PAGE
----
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Opera / WEEKEND REVIEWS

Final Duet Can't Save Opera Pacific's Gawky 'Turandot'

September 23, 1996|MARK SWED | TIMES MUSIC CRITIC

The last 15 or so minutes in "Turandot" have got to be one of the biggest letdowns in all of opera. Puccini, who was breaking new musical ground with every page in what turned out to be his last opera, appears to have gotten stuck in trying to find a way to transform a beautiful, vengeful man-hating Chinese princess in ancient China into a loving housewife. After two unproductive years at this curious task, he got sick and died.

When Toscanini conducted the premiere two years later at La Scala in 1926, he simply put the baton down at the point in the opera where Puccini stopped writing. At a time when a great evil was about to grip Europe, this proved a tremendous statement, namely that a hatred too great cannot be transformed. But immediately thereafter the publisher tacked on an artificial triumphant ending by Franco Alfano, which recapitulates earlier big tunes.

So it was not without a slight chill that one watched Opera Pacific open its 11th season Saturday night in Segerstrom Hall of the Orange County Performing Arts Center with a new production of "Turandot" that dramatically triumphed only in the final 15 minutes of Alfano's music. This, however, seemed less political intention than ultimate unspooling of a hapless production.

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Opera Pacific had placed much of its hopes on presenting Jane Eaglen in her first "Turandot." But the soprano found it too trying to prepare the role while she was still singing "Norma" with L.A. Opera. So the first night was entrusted to Alessandra Marc, who was to appear in the second cast.

No one needed feel cheated about that. Marc has a robust voice that can soar. She is already one of our most thrilling Straussians, and she has been impressive in the dramatic Verdi roles. She didn't move very well on stage Saturday, but grand singing poured out.

But otherwise this was shopping-mall opera: bring in one upscale store in hopes to give class to an otherwise tacky environment. The environment, in this case a set by Peter Wolf made for Arizona Opera, looked uncomfortably like the interior of a sprawling American-style Chinese restaurant from the '50s. It hugged the stage in ways that made the Pacific Opera Chorus and supernumeraries, moving like kids in a school play, seem always to be careful where to go, and still banging into the flimsy set now and then. Marc's large rhinestone gown from Malibar Ltd. appeared to give her nothing but trouble, and the glitter on her mouth looked, from where I was sitting, like spittle.

I am not sure what director Roman Terleckyj did. Most singers seemed on their own, but they stood, sang and emotively waved arms in ways suspiciously similar. As the tenor who gets to sing "Nessun Dorma," the aria Luciano Pavarotti has made the anthem of international soccer, Craig Sirianni had mostly a bad night. But he was a Calaf--the young man who wins Turandot's hand by answering her riddles but is not satisfied until he wins her love by singing Alfano's duet--ready to assume a victory pose no matter what.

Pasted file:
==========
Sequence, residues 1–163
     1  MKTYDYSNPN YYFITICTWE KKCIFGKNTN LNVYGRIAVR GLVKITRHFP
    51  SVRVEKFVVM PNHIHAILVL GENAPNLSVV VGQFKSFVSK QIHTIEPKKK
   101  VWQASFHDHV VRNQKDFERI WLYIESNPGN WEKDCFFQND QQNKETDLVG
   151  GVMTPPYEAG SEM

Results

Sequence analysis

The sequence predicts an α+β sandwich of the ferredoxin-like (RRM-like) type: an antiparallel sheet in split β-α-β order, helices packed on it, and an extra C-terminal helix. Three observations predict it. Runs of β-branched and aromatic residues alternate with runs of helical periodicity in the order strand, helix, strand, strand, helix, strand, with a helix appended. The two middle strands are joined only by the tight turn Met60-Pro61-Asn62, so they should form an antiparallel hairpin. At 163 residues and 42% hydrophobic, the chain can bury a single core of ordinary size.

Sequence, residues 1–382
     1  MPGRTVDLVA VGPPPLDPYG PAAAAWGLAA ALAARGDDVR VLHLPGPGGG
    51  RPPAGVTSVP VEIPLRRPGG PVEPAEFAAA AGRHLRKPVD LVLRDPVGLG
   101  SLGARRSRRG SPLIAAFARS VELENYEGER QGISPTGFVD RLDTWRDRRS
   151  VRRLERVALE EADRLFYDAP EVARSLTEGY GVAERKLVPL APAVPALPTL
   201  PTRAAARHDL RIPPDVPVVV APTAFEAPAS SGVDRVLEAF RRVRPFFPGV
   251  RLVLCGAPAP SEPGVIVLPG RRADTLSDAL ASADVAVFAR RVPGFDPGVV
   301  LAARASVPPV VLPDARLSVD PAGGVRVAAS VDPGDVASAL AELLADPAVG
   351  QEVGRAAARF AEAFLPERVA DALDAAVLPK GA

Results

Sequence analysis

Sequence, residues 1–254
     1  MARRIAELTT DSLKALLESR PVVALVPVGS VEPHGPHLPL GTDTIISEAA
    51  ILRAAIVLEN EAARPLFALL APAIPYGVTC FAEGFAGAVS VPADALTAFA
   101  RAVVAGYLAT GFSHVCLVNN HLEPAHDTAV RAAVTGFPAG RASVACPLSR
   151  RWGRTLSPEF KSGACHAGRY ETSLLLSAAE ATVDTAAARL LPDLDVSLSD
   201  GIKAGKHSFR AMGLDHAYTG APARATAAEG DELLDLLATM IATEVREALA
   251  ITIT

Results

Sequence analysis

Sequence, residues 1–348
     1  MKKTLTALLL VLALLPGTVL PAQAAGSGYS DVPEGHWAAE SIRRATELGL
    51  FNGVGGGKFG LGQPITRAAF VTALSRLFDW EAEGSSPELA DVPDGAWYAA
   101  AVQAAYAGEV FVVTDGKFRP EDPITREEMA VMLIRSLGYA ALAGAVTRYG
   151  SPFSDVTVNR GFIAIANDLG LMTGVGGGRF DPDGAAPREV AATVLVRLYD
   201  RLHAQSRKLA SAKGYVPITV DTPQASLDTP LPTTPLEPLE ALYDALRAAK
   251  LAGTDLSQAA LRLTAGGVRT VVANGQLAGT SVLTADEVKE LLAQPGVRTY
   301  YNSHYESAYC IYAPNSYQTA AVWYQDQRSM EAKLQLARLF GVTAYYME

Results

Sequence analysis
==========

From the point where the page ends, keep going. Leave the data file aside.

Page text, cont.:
Otherwise the soprano Guiping Deng made a generally affecting Liu, the young slave girl devoted to Calaf and who kills herself just at the crucial point Puccini stopped composing. Calaf's father, the blind, old Timur, looked feeble on stage but sang with a startlingly booming bass. The commedia dell'arte Ping, Pang and Pong (Frank Hernandez, Howard Bender and Roy Hornblower, respectively) were given awkward comic business and flapped their fans far more than was cute.

The performance's only imagination came from the conductor John Mauceri. While not exactly finding subtlety, he did pace the opera effectively, and he occasionally experimented with sliding tones that added an authenticity to the Chinese folk tunes Puccini adapted. He also brought out interesting details in the orchestra, although the Opera Pacific Orchestra contributed some of its own less interesting ones when the ensemble became scrappy as it sometimes did.

So how did that final duet prove so powerful that it brought an enthusiastic crowd to its excited feet? Mauceri deserves some of the credit. He made an improved version of the two possible ones--Alfano's original and Toscanini's modification of it. Sirianni contributed by finally overcoming whatever it was that was making his tone sound so pinched. And, most of all, Marc, who apparently hadn't had enough to sing earlier on, was ready to pour out climax after extraordinary climax.

For feminists to whom this sort of ending might have proved offensive (although none were visible in the house), Stephanie von Buchau wrote a marvelous essay for the program book that demonstrates the opera need not be interpreted as misogynistic as it seems.

And for those curious about the future of Opera Pacific, General Director David DiChiera--whose name is in bold print and larger type than composer, librettist or any of the performers in the program--tendered his resignation last week. The company will announce a successor today.

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